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Interesting debate has always surrounded commodities and materials derived from animals, particularly on the production and manufacturing techniques used to make animal-derived products.
The meat industry, for one, has been widely chastised for its prevalent practice of “factory farming,” which is linked to animal cruelty. This is why certain “alternative” practices – such as vegetarianism and veganism – are being widely and aggressively promoted in the hope of encouraging the “lessening” of animal cruelty idea through a paradigm shift toward “ethical” living.
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Leather, being an animal-derived product, has not escaped this kind of scrutiny. At present, as the world becomes more and more conscious of environmental damage and depletion of natural resources, the inquiry is whether or not the leather is merely a necessary by-product of the meat industry.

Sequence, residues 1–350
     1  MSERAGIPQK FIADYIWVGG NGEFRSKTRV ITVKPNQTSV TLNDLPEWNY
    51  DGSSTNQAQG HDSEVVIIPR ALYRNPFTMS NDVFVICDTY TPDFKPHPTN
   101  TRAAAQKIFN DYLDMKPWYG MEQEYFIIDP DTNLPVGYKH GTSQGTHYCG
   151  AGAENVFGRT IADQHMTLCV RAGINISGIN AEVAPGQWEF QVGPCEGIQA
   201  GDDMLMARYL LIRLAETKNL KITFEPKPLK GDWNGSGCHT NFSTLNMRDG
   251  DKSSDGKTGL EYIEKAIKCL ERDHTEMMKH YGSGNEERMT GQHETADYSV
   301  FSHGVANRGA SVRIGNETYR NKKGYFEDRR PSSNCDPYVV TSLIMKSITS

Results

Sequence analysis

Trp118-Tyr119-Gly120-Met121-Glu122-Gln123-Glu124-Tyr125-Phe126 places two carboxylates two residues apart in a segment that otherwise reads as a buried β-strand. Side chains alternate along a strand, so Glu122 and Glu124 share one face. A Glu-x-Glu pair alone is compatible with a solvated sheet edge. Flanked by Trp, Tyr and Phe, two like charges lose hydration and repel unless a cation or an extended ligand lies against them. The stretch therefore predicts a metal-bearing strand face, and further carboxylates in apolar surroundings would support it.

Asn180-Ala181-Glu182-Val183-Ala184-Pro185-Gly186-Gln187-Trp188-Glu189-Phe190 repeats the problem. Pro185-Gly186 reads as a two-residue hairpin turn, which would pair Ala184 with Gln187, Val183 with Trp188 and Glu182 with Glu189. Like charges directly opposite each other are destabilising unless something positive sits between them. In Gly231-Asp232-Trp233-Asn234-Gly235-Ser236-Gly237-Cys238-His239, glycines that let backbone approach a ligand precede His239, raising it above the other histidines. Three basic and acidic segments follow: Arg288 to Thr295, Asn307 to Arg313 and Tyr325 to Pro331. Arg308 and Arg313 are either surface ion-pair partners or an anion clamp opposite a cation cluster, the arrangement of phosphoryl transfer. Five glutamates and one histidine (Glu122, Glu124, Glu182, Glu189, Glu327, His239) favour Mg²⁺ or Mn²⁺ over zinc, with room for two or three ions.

This question has engendered certain “well-meaning” entities to promote alternatives to leather, an example being the so-called “vegan leather.” However, the production of vegan leather is also being scrutinized and criticized as being just as harmful or even more to the environment than the production of leather.
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What is the point of this discussion, as is true with all other discourse? Consumers, rather than joining proclaimed revolutionary movements or latching on to trendy or fashionable earth-changing concepts du jour against a demonized idea, should examine their own choices on a deeper level and never join bandwagons for the sake of. Critical thinking is the only way to achieve truly beneficial paradigm shifts.
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